Hyperbole - Explore What It Is, Its Meaning, Definition, Usage and Examples

You should have already come across the grammatical component called figures of speech and the different figures of speech in the English language. In this article, you will be introduced to what a hyperbole is, its definition and usage. You can also read through the examples given to develop a clear idea of the same.

Table of Contents

What is a Hyperbole? – Meaning and Definition

A hyperbole is a rhetorical device that is mainly used to make something look and sound a lot better than it actually is. In other words, it can be said to be a form of exaggeration.

The Oxford Learner’s Dictionary defines a hyperbole as “a way of speaking or writing that makes something sound better, more exciting, more dangerous, etc. than it really is”. According to the Collins Dictionary, a hyperbole is an expression that is used to “say or write things that make something sound much more impressive than it really is”.

How to Use a Hyperbole in a Sentence? – Points to Remember

Writing a sentence with a hyperbole can be easily done if you learn and understand how it is done. Go through the following points.

  • When you want to write a hyperbole, all you have to do is think of what you want to write about, the quality of that particular person, place, animal, object or idea that you want to exaggerate, probably because you are extremely impressed or disgusted by it.
  • The main purpose of a hyperbole is to emphasise something or to make a mindblowing effect on the reader or listener.
  • Degrees of comparison and other adjectives can be employed to construct a hyperbole.
  • A hyperbole should never be taken literally as they are exaggerated statements and are not exactly true.
  • A hyperbole can be just a word, a group of words, a phrase or a clause.

Examples of Hyperbole

It would be a lot simpler and easier to comprehend if you take a look at some example sentences. So, check out the following examples taken from literature and a few common everyday expressions and try to analyse them.

Examples of Hyperbole from Literature

William Shakespeare makes multiple use of hyperbole in his play ‘Macbeth’ to describe the extent to which the killing of King Duncan affects Macbeth and Lady Macbeth. Let us take a look at some examples from the play to see how wonderfully the poetic device is put to use.

  • Macbeth: “Will all great Neptune’s ocean wash this blood
  • Clean from my hand? No, this my hand will rather

    The multitudinous seas incarnadine,

    Making the green one red” (Act II, Scene 2)

  • Lady Macbeth: “Here’s the smell of the blood still.
  • All the perfumes of Arabia will not sweeten this little hand.” (Act V,

    Scene 1)

  • Malcolm: “This tyrant, whose sole name blisters our tongues,
  • Was once thought honest: you have lov’d him well.” (Act IV, Scene 3)

    Robert Burns, in his poem, ‘A Red, Red Rose’ uses a hyperbole to express the love for his lass.

  • “Till a’ the seas gang dry, my dear,
  • And the rocks melt wi’ the sun;

    I will love thee still, my dear,

    While the sands o’ life shall run.”

    William Wordsworth uses a hyperbole in his poem, ‘Daffodils’ to describe the long row of daffodils he witnessed on his way.

  • “Continuous as the stars that shine
  • And twinkle on the milky way,

    They stretched in never-ending line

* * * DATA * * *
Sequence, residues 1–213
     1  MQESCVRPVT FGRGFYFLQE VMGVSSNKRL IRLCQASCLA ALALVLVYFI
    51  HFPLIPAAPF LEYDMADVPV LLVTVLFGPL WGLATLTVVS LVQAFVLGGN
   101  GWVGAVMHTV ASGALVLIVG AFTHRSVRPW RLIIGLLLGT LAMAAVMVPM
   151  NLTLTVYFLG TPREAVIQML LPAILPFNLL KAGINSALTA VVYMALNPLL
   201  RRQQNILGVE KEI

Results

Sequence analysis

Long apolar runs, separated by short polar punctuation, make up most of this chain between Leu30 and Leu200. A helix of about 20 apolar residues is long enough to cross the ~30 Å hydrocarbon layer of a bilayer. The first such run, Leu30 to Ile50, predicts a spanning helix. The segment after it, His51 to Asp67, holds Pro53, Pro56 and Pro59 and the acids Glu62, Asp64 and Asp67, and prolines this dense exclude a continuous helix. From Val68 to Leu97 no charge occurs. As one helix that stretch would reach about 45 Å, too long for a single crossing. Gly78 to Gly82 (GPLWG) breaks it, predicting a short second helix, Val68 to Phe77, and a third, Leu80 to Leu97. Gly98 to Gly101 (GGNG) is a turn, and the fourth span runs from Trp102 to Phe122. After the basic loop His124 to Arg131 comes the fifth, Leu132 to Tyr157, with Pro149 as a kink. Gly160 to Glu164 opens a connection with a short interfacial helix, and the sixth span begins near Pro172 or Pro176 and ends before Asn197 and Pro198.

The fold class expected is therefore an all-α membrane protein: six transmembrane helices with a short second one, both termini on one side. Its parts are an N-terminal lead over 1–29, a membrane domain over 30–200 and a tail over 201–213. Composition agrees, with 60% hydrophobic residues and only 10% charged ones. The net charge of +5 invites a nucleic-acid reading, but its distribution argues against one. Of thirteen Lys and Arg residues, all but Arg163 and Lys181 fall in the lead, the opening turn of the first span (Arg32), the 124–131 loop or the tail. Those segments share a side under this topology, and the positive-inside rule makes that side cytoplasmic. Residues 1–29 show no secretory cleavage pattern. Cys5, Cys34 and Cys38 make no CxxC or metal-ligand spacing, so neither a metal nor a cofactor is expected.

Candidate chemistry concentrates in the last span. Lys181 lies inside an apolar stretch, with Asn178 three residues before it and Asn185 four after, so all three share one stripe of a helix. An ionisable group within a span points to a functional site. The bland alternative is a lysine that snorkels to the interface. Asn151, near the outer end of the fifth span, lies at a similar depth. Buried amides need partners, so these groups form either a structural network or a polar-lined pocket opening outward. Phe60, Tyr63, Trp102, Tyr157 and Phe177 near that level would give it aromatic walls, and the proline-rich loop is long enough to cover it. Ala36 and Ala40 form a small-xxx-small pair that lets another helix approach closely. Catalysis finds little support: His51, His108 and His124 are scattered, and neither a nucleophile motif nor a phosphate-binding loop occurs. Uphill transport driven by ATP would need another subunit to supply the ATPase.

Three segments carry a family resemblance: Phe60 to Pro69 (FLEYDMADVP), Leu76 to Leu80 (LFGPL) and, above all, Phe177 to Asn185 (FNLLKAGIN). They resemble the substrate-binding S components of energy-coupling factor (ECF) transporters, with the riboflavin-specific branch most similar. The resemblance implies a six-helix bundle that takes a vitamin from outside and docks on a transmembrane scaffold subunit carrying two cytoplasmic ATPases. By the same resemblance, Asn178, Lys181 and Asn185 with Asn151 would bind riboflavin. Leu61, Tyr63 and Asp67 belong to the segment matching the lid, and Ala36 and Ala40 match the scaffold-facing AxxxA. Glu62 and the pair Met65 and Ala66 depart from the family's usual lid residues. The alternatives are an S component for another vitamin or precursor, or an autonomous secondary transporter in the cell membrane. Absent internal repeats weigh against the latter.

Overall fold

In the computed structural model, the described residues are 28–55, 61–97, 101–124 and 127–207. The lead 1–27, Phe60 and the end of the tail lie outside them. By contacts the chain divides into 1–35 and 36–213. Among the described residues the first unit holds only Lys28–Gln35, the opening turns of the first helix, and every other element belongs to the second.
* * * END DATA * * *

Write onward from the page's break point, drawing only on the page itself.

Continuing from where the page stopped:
Along the margin of a bay:

    Ten thousand saw I at a glance,

    Tossing their heads in sprightly dance.”

Examples of Hyperbole from Movies

Let us take a look at some examples of the use of hyperbole in some of the most famous movies.

  • Agnes, the little girl in ‘Despicable Me’ said, “It’s so fluffy I’m gonna die!” the moment she got the fluffy unicorn.
  • “As God is my witness, I’ll never be hungry again” from ‘Gone with the Wind’.
  • “To infinity and beyond!” from the movie, ‘Toy Story’.
  • “You sit on a throne of lies” from the movie, ‘Elf’.
  • “We are going to pull off the true crime of the century. We are going to steal the moon!” from the movie, ‘Despicable Me’.

Some Common Day-to-Day Examples of Hyperbole

Here are some very common day-to-day examples that are used by people in daily conversations.

  • When she did the flips at the dance, she landed as light as a feather.
  • I am so hungry I could eat all the food here.
  • My brother said that he had a million things to do when he was actually sitting idly.
  • Amrita carried home a ton of papers that she had to grade before Friday.
  • Rory went on forever about the city she lived in.

Frequently Asked Questions on the Use of Hyperbole

What is a hyperbole?

A hyperbole is a rhetorical device that is mainly used to make something look and sound a lot better than it actually is. In other words, it can be said to be a form of exaggeration.

What is the definition of a hyperbole?

The Oxford Learner’s Dictionary defines a hyperbole as “a way of speaking or writing that makes something sound better, more exciting, more dangerous, etc. than it really is”. According to the Collins Dictionary, a hyperbole is an expression that is used to “say or write things that make something sound much more impressive than it really is”.

Give some examples of hyperboles.

Here are a few examples of hyperboles used in sentences.

  • Lady Macbeth: “Here’s the smell of the blood still.

All the perfumes of Arabia will not sweeten this little hand.” (Act V,
Scene 1)

  • Agnes, the little girl in ‘Despicable Me’ said, “It’s so fluffy I’m gonna die!” the moment she got the fluffy unicorn.
  • “To infinity and beyond!” from the movie, ‘Toy Story’.
  • I am so hungry I could eat all the food here.
  • My brother said that he had a million things to do when he was actually sitting idly.

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